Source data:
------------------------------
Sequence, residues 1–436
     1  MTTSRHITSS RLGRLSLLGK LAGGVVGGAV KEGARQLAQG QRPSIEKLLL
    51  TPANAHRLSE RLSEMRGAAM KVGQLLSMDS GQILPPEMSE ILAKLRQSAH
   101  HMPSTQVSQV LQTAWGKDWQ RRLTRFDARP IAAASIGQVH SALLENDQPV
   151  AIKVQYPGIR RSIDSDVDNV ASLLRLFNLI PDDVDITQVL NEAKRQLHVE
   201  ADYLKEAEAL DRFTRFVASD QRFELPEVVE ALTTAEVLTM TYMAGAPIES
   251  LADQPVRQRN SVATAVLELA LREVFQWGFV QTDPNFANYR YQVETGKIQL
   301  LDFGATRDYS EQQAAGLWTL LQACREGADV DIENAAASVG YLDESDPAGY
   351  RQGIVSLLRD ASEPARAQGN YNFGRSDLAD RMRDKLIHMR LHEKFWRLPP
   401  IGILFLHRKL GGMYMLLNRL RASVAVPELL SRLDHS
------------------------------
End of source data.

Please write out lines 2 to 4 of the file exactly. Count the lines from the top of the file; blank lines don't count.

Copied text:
     1  MTTSRHITSS RLGRLSLLGK LAGGVVGGAV KEGARQLAQG QRPSIEKLLL
    51  TPANAHRLSE RLSEMRGAAM KVGQLLSMDS GQILPPEMSE ILAKLRQSAH
   101  HMPSTQVSQV LQTAWGKDWQ RRLTRFDARP IAAASIGQVH SALLENDQPV